“Even though we should be training as if preparing to go to war tomorrow, the reality is that Aikido is not for war but for finding peace within oneself.”
I recall in the mid 80’s, a woman joined the dojo, trained one session and then became briefly famous in that small country town for daily boasting, “I’ve done a bit of Aikido…” If it was a bit she was referring to, then it was a very, very little bit indeed.
I recall the class content of that fateful day: We talked, I conducted a brief orientation on the history of Aikido, we warmed up, did jumbi-taiso, bowed out, enjoyed cups of tea and went home. It was a light and preparatory introduction.
Another, a few months later, haughtily demanded a refund for a seminar I had inaugurated to introduce the art and to subsidize the cost of mats. Asked, “May I have your reason?”, the reply was, “I’m high up in the aikido world. I have a shodan. I don’t need to practice ukemi.”
I happily gave her her money. If that was the price to find out her characteristic attitude and let her exclude herself from future classes, it was well worth it.
Indeed that particular introduction was all ukemi because most attendees were raw beginners and my dojo policy is safety first.
“A bit of aikido.” “High up.” What do these sorry statements mean?
As for the “bit,” that’s not what Aikido is for. Even though we should be training as if preparing to go to war tomorrow, the reality is that Aikido is not for war but for finding peace within oneself. It is a Do, Path or Way of self transformation. It is not the only one. But as a Do there is no arrival. It is a journey that makes you a better, truer human being as it gradually enlightens you over time.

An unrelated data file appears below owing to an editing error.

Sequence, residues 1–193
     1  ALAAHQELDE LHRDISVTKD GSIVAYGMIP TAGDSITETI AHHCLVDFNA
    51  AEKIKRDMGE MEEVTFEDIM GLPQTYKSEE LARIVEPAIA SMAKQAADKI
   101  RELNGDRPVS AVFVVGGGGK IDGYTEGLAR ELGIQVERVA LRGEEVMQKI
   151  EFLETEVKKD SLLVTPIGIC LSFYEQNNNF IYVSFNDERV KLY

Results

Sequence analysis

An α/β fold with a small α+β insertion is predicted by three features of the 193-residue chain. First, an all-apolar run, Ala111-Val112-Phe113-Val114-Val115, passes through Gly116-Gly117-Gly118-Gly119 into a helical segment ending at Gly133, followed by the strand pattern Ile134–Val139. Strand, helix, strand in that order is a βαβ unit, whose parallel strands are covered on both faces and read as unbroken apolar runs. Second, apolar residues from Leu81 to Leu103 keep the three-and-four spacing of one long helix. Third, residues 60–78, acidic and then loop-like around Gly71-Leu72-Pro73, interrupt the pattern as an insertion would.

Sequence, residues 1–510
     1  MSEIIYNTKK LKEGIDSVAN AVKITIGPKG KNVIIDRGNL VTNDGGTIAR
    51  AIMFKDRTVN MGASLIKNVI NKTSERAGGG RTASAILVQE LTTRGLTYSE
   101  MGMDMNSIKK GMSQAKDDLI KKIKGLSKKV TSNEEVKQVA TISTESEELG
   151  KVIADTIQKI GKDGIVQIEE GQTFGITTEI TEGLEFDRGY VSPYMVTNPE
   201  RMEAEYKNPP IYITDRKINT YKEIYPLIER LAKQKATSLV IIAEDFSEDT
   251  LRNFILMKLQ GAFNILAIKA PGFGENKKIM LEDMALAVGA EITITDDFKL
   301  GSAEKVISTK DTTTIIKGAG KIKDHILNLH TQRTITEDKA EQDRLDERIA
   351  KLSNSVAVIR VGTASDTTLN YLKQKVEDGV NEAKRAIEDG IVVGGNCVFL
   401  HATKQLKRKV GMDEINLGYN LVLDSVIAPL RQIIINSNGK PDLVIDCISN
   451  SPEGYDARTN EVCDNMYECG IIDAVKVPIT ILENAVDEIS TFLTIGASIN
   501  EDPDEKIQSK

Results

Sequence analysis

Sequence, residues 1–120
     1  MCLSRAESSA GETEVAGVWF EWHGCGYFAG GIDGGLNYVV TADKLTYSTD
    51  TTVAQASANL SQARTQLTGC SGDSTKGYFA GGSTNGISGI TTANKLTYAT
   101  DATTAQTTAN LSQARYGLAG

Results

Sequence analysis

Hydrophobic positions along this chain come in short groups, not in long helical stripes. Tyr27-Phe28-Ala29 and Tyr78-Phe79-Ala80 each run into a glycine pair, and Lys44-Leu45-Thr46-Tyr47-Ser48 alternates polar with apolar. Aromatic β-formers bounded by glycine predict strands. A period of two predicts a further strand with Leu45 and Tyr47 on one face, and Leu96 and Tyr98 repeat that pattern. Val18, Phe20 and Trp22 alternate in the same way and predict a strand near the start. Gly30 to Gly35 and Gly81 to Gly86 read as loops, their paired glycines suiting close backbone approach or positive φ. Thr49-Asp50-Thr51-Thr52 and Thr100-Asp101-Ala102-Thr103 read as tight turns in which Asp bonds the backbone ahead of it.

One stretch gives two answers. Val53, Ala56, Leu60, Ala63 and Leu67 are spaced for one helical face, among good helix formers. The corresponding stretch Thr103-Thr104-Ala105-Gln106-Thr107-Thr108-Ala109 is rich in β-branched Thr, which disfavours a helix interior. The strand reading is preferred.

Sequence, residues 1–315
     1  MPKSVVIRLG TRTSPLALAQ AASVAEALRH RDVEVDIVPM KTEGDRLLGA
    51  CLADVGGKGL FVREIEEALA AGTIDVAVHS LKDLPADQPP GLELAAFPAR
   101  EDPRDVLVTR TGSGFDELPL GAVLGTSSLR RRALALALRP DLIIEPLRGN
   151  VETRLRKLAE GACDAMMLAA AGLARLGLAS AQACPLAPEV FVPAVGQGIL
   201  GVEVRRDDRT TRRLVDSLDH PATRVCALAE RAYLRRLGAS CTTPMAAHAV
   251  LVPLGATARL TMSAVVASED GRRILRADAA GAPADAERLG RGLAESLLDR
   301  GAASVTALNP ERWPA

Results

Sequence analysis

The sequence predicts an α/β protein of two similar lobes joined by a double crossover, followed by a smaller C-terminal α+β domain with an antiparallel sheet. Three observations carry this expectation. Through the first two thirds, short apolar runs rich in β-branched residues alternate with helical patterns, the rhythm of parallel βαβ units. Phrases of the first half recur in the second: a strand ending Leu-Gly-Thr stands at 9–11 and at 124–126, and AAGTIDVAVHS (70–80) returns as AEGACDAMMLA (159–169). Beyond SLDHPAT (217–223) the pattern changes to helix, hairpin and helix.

As O’Sensei states in his 6th Rule of Training: “The purpose of Aikido is to train mind and body and make an individual sincere.” In this case, the word “sincere” is loaded with many connotations.
Whilst there are many Ways and Paths that enable a person to face up to themselves and to bring forth their immense potentials, none are overnight affairs, but can only be embraced as a Way of Life. Aikido has the added benefit of harmonizing, uniting body, mind, spirit and other attributes in that it teaches to do so under duress, under attack.
The immense value of effectively harmonising of discord begins here. There is no such thing as, “a bit of aikido.” It’s all or nothing. Embrace the universe or self deception. Budo training is for the dispelling of self deception.
Since life on earth is mostly a challenge, the sneakiest enemy of them all being complacency that leads to stagnation, Aikido’s two edged blade deals with both the attrition of attack and also stagnation, achieving increasing balance over time, the middle way to generating real harmony.
On this basis, basics come first. There is nothing more basic, fundamental and essential than ukemi. If you stick with it, it can teach humility and may even cure you of being “high up yourself.” But more than this it will teach you flexibility of mind, it will make you safer and it will teach you adaptivity in service to others helping them with their ukemi.
And ukemi enable an attitude, one that no matter what life throws at you, to get up, dust yourself and resume the battle.
Surely that’s got to be worth something?
“Be kind, for everyone you meet is fighting a great battle.”
Philo of Alexandria (c.20 BC – c. AD 50)